- Booking ahead is also necessary if you want to travel in the upper classes of trains: the First AC is generally sold out weeks (sometimes months) in advance, and even the Second AC (especially 2 Tiers, but also 3 Tiers) should be booked ahead. This can be easily done online, though registering into the system can be downright frustrating… Check my post on Indian Trains.
- If you intend to visiting National Parks like Ranthambhore to spot Tigers in the wild, book the transport inside the National Park as far in advance as possible so that you secure a seat in a Jeep and not in one of those huge trucks. Keep in mind that all this is state owned, bureaucracy managed… Booking starts 3 months ahead and within days, all Jeeps are sold out. My experience of Ranthambhore was really disappointing, though!
- Chartering a car between cities is a very efficient way to travel between cities, especially if there are interesting places to visit on the way, like Fatehpur Sikri & Abhenari between Agra & Jaipur or Kumbalgarh & Ranakpur between Udaipur & Jodhpur. Avoid approaching larger cities like Delhi by car, as traffic can be maddening in India!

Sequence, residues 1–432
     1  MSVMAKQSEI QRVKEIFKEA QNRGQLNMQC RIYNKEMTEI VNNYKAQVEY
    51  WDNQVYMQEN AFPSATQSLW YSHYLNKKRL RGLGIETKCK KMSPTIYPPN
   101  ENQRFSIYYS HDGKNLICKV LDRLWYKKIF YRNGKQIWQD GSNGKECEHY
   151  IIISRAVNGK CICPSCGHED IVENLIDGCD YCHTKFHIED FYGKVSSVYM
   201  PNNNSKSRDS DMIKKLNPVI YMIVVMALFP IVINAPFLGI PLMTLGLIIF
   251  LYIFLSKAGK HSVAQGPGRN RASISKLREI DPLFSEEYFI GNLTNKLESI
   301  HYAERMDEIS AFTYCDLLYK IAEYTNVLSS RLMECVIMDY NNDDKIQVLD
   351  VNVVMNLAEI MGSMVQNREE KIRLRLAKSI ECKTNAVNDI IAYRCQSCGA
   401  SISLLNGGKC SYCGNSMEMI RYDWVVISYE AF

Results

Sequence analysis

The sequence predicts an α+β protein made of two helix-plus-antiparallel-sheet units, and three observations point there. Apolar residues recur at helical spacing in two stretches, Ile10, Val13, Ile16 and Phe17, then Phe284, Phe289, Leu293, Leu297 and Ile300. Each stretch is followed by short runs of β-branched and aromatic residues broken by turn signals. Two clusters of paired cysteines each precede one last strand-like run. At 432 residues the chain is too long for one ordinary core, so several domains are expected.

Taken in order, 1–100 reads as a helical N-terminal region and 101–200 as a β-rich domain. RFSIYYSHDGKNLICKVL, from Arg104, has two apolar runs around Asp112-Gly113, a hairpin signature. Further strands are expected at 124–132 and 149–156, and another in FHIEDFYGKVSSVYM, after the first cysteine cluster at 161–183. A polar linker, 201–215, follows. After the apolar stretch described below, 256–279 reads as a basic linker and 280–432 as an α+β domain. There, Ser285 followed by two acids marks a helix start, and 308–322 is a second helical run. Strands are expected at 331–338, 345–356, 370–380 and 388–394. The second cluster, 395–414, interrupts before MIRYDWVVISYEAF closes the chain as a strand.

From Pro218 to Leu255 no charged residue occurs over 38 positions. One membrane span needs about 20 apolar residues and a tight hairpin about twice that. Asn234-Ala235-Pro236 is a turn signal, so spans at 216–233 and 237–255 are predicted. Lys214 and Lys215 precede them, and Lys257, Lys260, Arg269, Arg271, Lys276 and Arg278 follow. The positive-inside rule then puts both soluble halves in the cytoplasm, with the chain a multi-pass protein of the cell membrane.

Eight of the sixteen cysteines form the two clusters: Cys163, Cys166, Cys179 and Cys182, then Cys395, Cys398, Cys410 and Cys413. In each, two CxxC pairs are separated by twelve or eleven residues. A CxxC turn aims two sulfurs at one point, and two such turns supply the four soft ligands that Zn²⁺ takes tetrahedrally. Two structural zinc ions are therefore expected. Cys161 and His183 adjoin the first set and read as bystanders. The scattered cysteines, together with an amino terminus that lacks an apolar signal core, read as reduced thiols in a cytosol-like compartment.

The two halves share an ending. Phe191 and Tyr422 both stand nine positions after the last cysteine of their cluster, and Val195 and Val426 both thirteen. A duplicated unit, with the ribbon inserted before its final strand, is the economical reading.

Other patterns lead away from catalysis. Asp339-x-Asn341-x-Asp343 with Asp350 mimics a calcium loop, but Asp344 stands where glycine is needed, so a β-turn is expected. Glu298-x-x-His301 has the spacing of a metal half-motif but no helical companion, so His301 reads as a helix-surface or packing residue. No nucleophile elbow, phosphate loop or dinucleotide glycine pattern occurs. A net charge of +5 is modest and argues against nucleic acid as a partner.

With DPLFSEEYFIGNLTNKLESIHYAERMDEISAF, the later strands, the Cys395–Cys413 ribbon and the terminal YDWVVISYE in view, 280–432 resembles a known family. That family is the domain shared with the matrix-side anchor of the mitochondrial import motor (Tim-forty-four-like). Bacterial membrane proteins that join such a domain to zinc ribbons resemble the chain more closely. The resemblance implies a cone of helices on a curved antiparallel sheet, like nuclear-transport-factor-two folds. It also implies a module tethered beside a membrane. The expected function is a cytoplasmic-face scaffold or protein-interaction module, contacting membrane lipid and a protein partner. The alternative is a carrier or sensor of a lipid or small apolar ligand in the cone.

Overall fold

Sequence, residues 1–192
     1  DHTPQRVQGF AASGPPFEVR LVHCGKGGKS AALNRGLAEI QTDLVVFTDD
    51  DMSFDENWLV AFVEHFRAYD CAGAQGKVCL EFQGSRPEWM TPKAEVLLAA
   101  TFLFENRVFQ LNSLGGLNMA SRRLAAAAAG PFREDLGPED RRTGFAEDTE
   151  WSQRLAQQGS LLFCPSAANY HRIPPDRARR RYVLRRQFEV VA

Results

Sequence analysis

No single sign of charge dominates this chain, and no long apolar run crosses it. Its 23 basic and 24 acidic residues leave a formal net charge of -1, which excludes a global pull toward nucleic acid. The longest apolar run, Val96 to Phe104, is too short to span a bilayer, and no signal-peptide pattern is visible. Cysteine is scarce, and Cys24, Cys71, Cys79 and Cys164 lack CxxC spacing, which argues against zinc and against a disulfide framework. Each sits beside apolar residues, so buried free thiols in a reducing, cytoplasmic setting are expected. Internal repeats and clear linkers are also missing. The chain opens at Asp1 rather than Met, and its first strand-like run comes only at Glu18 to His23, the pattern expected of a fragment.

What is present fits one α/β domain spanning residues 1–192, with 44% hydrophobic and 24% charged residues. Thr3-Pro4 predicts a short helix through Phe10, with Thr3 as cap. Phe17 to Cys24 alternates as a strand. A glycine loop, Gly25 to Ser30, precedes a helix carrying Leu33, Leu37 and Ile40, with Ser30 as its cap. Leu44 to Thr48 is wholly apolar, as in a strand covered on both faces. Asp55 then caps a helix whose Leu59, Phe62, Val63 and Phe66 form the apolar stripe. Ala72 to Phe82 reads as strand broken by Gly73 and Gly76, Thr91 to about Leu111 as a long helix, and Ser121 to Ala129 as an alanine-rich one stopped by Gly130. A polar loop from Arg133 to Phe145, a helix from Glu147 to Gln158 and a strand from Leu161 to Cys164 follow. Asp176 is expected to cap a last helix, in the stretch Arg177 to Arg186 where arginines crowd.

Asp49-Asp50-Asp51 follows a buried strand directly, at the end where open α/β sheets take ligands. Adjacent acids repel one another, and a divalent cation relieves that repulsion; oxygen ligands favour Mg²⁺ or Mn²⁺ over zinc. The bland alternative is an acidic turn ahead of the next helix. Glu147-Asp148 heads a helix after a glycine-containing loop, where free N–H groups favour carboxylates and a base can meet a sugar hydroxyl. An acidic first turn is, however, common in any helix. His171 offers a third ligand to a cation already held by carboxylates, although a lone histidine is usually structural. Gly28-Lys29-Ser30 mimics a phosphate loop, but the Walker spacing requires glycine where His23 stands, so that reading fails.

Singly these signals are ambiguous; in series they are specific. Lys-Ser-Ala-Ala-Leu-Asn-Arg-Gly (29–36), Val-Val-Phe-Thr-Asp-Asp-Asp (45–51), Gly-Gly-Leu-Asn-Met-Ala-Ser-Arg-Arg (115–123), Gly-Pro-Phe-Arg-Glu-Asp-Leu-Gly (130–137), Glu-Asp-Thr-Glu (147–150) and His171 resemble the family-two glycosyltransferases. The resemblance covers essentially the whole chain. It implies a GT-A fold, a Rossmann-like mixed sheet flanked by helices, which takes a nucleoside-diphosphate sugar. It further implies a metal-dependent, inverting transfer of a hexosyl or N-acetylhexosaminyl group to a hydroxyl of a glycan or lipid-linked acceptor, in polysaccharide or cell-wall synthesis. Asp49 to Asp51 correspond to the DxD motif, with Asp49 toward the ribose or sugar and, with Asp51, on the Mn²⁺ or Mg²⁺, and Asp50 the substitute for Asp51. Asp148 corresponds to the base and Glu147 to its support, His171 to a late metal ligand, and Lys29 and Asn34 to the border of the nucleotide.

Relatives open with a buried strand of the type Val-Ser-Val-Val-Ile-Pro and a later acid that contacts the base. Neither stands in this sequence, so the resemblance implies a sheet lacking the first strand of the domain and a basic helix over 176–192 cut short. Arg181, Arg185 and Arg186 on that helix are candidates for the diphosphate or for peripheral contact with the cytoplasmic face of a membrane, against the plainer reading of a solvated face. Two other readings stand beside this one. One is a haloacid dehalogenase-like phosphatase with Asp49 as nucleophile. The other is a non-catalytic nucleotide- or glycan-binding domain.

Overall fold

- Last but not least, only few ATMs give larger amounts of cash, so if you have a fix commission for each withdrawal, which most credit & debit card do, consider withdrawing larger amounts in big cities. Chase enables you for instance to withdraw 20.000 Ruppies (approx. 275 €) at a time, whereas most ATMs in smaller cities only allow 10.000.
Highlights Of The Trip
- Agra – Yes, the Taj Mahal is simply magical! And no, it is actually not in Rajasthan, but no visit there would be complete without the most perfect Mughal Architecture. But there are many other highlights in Agra…
- Jodhpur, The Blue City – Long strolls through the maze of the Old City, Mehrangarh Fort, Jaswant Tada… Jodhpur is one of the most fascinating cities of Rajasthan, and one where you will more easily escape the crowd.
- Jaipur, The Pink City – At first sight a chaotic, congested, hot city, but Jaipur abounds with highlights and is definitely worth spending several days to somewhat scratch below the surface. The good news, if you have enough time to explore more of the city than just the Amber Fort, the City Palace and Palace of the Winds (visited by groups in this very order), you will meet very few tourists…
- Udaipur, The City On Lake Pichola – With its stunning lake view, its magnificent temples, its Havelis and palaces turned into museums or hotels and Rajasthan’s largest palace, it made Udaipur to one of my favorite places in Rajasthan…
- Jaisalmer & Bikaner, The Fortresses Of The Thar Desert
- India’s Great Wall in Kumbhalgarh… – Just me and a few monkeys! Nearby Jain Temple in Ranakpur is also one of the finest Temples I ever visited in my life!
- The Gigantic Fort Of Chittorgarh – Thirty overwhelming kilometers of wall encircle the fort that spreads over an area of nearly 700 hectares. Only once up do you understand that this is actually a tabletop mountain…